'Addressing the Divide' is a new column that looks at the ways in which the modern field of Classics was constructed and then explores ways to identify, modify, or simply abolish the lines between fields in order to embrace broader ideas of what Classics was, is, and could be. This month, Prof. Catherine Bonesho, an Assistant Professor at UCLA who specializes in the ancient history of Judaism and the Near East, speaks to classicist and Herodotus scholar Prof. Rachel Hart.
Lynne C. Lancaster just began her three-year appointment as the Andrew W. Mellon Professor-in-Charge of the Humanities at the American Academy in Rome. She is a Professor in the Department of Classics and World Religions at Ohio University. I recently interviewed Professor Lancaster to discuss her research and her goals for her time in Rome.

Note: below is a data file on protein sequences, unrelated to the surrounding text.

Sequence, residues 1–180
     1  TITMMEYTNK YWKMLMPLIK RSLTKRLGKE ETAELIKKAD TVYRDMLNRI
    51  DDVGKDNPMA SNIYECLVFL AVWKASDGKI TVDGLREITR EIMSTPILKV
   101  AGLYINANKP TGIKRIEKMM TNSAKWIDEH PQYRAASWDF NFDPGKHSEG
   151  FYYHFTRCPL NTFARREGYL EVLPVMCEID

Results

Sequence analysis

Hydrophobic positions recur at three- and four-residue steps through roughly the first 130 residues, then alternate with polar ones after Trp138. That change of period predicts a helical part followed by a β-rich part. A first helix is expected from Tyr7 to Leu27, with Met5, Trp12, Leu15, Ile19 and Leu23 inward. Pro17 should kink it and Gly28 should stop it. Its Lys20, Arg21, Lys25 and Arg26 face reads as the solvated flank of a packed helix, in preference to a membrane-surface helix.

C: Can you briefly tell me about your own research, both past and current?
Over the past year I have had the amazing opportunity of being a Rome Prize Fellow in Ancient Studies at the American Academy in Rome. In this month’s blog, as a sort of farewell to the city, I briefly discuss my own research on holidays and festivals in ancient Jewish literature and the research I completed in Rome. I also briefly describe the evidence of the intersection and interaction of Jews, Judaism, and Rome found in the city.